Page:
During the season, Blue Jays general manager J.P. Ricciardi criticized Wells, as well as teammates Troy Glaus and Shea Hillenbrand, for failure to perform during key situations after two losses to the Kansas City Royals just before the 2006 All-Star break. He followed such criticisms with great play throughout the rest of the year, including a walk-off home run against New York Yankees closer Mariano Rivera. On September 24, he recorded his 500th RBI in a game against the Boston Red Sox. At the end of the 2006 season, Wells was awarded his third consecutive Gold Glove Award for outfield defense, along with Torii Hunter, and Ichiro Suzuki. He also signed a back-loaded contract for $126 million over seven years.
In 2007, Wells suffered a shoulder injury early in the 2007 season and had shoulder surgery in September.
On May 8, 2008, Wells suffered a broken left wrist while making a diving catch. He returned on June 7, but later strained his left hamstring on July 9 and missed over a month of the season. Despite the significant amount of time missed to injury, 2008 otherwise represented a return to form for Wells as he finished the year hitting .300 with 20 home runs and 78 RBIs in just 108 games.
During spring training in 2009, Wells suffered another injury, a strained left hamstring which kept him out for several weeks. At the beginning of the season Wells batted fourth in the lineup and was playing center field. He struggled with consistency at the plate, and was subsequently dropped from the fourth spot in the lineup before the All-Star break. Though he stole 17 bases, Wells finished the year with some of the worst numbers of his career, batting .260 with only 15 home runs and 66 RBI and finishing with an OPS near .700. During the season, he received significant criticism from the press regarding his large contract.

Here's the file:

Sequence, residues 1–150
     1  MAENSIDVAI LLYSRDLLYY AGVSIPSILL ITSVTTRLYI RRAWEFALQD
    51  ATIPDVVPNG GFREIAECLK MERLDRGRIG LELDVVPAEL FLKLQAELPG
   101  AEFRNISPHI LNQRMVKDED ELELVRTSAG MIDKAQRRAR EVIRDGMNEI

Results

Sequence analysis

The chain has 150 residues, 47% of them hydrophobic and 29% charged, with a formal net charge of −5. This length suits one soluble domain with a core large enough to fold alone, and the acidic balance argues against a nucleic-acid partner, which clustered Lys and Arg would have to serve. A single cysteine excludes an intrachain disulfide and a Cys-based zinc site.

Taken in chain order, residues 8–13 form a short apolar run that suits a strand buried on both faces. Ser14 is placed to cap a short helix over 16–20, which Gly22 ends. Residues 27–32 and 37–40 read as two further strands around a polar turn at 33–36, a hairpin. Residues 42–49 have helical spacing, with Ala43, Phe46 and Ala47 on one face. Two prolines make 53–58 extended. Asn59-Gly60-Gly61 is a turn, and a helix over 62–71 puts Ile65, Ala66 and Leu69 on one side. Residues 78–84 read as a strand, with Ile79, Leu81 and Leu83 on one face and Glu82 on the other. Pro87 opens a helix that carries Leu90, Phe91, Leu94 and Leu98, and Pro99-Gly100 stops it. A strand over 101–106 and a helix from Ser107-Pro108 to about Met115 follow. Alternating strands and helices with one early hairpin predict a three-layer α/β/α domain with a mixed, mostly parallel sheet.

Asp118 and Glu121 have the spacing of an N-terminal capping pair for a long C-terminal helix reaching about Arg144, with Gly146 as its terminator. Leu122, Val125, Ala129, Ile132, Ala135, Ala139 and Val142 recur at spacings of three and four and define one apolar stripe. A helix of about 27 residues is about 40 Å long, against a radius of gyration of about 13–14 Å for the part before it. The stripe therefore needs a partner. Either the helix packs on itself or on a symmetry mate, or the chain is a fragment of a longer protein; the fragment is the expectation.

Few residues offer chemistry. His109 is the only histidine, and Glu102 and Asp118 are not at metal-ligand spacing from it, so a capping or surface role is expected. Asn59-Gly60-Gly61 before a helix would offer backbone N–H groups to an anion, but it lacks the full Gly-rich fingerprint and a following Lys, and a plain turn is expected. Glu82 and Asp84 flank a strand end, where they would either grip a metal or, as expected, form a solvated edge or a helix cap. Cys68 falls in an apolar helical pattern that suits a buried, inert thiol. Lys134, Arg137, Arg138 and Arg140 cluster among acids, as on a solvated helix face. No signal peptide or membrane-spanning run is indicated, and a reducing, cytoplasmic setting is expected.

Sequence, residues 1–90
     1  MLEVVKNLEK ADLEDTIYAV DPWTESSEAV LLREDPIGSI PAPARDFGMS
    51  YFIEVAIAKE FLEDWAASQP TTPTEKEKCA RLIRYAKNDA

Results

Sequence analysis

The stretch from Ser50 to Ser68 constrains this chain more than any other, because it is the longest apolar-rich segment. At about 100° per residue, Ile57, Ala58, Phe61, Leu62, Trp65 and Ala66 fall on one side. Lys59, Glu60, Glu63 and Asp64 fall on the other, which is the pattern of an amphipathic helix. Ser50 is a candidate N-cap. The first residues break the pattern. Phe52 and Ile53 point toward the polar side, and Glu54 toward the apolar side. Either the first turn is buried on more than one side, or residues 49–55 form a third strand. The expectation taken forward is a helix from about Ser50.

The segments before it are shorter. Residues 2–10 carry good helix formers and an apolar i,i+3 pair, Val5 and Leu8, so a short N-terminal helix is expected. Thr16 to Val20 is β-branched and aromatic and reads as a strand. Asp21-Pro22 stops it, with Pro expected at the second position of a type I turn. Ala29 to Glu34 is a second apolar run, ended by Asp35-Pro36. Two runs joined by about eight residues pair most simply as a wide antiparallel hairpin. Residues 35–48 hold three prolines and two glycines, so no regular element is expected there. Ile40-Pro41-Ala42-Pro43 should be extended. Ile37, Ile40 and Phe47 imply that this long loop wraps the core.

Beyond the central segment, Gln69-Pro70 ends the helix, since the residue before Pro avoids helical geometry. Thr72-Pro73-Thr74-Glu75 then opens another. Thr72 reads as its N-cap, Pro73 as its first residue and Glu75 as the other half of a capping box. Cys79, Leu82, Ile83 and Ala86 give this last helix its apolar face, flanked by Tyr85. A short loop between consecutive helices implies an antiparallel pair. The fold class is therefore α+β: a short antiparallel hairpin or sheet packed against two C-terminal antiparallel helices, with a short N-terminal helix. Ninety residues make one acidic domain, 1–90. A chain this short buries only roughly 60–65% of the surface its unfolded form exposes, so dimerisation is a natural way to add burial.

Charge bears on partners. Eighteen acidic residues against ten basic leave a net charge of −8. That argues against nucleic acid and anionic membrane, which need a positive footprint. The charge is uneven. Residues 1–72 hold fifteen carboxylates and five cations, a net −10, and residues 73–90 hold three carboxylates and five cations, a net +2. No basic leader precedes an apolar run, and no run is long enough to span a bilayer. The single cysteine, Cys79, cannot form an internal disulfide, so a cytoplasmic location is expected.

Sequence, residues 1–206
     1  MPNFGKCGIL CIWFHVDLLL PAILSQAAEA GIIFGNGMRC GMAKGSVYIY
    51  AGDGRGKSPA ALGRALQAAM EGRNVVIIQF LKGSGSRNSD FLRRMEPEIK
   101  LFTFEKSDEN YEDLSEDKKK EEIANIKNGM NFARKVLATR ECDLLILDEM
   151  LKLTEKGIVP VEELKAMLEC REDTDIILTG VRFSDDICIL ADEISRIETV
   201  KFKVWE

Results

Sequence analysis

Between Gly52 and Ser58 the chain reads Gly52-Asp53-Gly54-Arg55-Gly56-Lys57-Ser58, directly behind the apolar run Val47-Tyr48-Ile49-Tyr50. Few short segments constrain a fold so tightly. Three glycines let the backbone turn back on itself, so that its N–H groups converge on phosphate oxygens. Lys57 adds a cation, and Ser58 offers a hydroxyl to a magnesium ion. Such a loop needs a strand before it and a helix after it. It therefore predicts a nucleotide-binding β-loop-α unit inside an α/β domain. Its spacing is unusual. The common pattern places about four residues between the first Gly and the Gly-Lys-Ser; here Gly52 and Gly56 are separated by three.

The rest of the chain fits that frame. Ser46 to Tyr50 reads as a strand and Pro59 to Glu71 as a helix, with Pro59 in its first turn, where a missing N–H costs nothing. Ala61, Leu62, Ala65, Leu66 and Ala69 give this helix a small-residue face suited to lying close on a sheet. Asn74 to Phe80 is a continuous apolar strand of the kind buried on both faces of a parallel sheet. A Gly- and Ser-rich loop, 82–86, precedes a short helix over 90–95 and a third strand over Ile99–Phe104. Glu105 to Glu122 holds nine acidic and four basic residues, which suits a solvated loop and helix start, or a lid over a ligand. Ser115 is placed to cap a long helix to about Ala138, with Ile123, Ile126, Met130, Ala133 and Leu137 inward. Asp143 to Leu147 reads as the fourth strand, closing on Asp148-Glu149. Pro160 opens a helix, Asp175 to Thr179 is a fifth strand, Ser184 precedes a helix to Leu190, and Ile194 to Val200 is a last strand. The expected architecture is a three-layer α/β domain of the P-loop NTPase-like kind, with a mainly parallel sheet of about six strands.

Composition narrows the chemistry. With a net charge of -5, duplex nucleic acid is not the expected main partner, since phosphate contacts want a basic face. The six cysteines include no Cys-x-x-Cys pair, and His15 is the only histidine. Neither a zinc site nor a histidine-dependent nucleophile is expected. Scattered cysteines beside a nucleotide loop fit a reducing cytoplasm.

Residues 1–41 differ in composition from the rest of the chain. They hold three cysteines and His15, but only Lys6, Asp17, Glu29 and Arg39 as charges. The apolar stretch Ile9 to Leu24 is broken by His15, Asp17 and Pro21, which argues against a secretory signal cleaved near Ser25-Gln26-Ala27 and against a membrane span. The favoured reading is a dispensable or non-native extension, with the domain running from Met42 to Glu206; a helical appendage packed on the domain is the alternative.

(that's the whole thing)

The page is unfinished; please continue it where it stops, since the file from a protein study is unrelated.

Wells began 2010 at a promising pace, hitting four home runs with eight RBI in the first series. He continued to play well, hitting .337 with eight home runs and 16 RBI in April. On April 7 he had a multi-home run game against the Rangers, his first since September 28, 2008. On June 27, Wells hit a two-run home run that made Jamie Moyer of the Philadelphia Phillies, Major League Baseball's all-time leader in home runs allowed, with 506. On July 5, 2010, Wells was named a reserve for the 2010 MLB All-Star Game, along with teammates José Bautista and John Buck. Wells was also a participant in the Home Run Derby, when Chris Berman predicted that Wells, whom he nicknamed the "Canadian Breeze", would carry away the title. Wells ended up hitting two home runs in the first round.
On September 24, 2010, Wells hit his 30th home run of the season. That home run made Wells only the fourth player in Blue Jays history to have three or more seasons with at least 30 home runs, joining Carlos Delgado, Joe Carter and Fred McGriff. At the end of the season, Wells had 31 home runs, 88 RBI, and an .847 OPS, making the 2010 season his best since he signed his contract extension in 2006. He finished the year batting .273, with 161 hits in 590 at bats, giving him over 1,500 hits in his career.